Green beans: Pods should be cirsp and firm with no soft spots or signs of discoloring. Store in the refrigerator for up to a week.
Plums: Feel for plums that yield slightly to the touch, but don’t squeeze them. Let the fruit sit in your palm. It should give a little. If you buy firmer fruit, though, don’t put it in the refrigerator or the kitchen window— put it in a paper bag in a dark place for a day or two. After the plum is picked, the sugar level remains the same, but the acidity falls, so it only seems sweeter.
Eggplant: Store eggplant on the countertop—not in the refrigerator. Choose a spot that’s away from direct sunlight. Choose a container that allows for circulation, like a vented bowl or perforated bag. Peeling is optional for a standard globe or Japanese eggplant.
Shell beans: Choose full pods that are just starting to dry. Keep in a bowl on the counter for two days or refrigerate in a loose bag up to a week.
Tomatoes: See below.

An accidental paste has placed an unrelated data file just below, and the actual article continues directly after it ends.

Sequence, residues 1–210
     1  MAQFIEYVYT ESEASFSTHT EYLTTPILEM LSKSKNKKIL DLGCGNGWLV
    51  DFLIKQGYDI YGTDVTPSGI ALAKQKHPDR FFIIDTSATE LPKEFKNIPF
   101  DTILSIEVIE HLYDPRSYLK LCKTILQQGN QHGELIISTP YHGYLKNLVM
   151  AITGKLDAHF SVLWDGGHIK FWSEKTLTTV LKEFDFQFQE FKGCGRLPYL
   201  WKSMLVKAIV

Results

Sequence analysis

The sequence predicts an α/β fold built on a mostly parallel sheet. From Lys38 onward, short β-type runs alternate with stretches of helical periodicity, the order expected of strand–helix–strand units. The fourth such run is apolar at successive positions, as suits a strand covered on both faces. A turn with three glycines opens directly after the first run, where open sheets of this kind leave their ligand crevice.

Tomatoes tend to be the star of Oklahoma summers, so here are our top 10 tomato tips and tricks:

• Select tomatoes that are firm, but have a bit of give. Be sure they feel heavy for their size.
• Avoid tomatoes that are too soft, for they probably won’t make the trip home. Also avoid tomatoes with wrinkles, soft spots or black marks.
• Treat tomatoes gently so they won’t bruise.
• Don’t worry about tomatoes with weird shapes. Some of the best tomatoes we have had were not perfectly round.
• Sniff tomatoes—they should smell earthy and tomato-y.
• Unsure of the variety? Ask for a taste—most markets and farm stands are happy to cut one up for you.
• Store tomatoes on a plate at room temperature, never in the fridge or a plastic bag. We store them stem-down in a single layer on a paper towel or dish-towel-lined rimmed baking sheet.
• Tomatoes are delicious sliced on a sandwich, and they can also be broiled, marinated, pickled, grilled, roasted or sautéed.
• Our favorite tomato sandwich is nothing more than white bread, a slathering of homemade mayonnaise, sliced Heirloom tomatoes and flaked sea salt. You’ll need a napkin or two …
• Ripe tomatoes need little embellishment, and no cooking. Caprese salad is a good example of simplicity with maximum flavor: Toss sliced tomatoes with fresh basil and either torn fresh mozzarella cheese or creamy burrata, drizzle with high-quality olive oil and sprinkle with sea salt and freshly ground black pepper. Feeling fancy? Call it capriccio.